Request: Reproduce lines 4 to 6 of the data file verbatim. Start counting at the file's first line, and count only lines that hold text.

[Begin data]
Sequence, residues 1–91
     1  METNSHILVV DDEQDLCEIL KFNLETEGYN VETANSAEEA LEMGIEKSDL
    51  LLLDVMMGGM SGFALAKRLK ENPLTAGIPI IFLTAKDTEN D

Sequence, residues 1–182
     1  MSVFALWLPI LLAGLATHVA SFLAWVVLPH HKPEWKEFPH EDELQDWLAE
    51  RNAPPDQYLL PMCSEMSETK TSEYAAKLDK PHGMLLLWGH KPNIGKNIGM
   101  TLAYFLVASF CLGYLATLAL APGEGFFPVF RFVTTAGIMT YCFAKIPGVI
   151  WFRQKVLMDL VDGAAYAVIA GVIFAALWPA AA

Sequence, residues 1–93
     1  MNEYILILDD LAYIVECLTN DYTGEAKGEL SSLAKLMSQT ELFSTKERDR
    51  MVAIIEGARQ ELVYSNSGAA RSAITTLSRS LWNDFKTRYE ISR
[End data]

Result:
Sequence, residues 1–182
     1  MSVFALWLPI LLAGLATHVA SFLAWVVLPH HKPEWKEFPH EDELQDWLAE
    51  RNAPPDQYLL PMCSEMSETK TSEYAAKLDK PHGMLLLWGH KPNIGKNIGM